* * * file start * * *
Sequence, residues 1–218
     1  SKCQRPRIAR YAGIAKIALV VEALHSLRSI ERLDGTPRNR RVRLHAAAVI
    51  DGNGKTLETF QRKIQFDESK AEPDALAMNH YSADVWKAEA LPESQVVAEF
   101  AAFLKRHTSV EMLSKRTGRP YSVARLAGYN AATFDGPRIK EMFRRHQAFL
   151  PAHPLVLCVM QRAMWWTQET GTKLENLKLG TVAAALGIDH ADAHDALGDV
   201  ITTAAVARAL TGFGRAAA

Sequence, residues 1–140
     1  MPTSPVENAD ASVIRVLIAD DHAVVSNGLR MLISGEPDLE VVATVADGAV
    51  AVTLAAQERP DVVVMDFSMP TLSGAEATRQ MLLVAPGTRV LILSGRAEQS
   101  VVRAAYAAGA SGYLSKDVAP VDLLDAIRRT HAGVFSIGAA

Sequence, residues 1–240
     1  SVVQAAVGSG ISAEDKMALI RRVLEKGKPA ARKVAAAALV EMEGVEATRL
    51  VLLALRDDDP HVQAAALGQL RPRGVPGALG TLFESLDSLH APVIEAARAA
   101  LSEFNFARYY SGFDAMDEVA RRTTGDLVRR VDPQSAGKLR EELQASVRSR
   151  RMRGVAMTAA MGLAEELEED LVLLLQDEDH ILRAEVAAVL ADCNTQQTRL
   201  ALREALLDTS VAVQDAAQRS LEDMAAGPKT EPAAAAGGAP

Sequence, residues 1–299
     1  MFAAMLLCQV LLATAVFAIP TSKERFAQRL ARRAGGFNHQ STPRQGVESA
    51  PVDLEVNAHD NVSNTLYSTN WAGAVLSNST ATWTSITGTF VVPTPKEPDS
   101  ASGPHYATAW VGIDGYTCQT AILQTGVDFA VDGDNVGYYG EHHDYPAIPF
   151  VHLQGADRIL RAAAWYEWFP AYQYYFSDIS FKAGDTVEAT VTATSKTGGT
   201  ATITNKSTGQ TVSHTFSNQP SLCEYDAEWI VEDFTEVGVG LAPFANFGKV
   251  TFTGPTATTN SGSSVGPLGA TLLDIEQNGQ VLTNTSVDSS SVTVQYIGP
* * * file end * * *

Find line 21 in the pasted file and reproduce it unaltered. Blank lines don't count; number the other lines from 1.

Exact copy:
   151  VHLQGADRIL RAAAWYEWFP AYQYYFSDIS FKAGDTVEAT VTATSKTGGT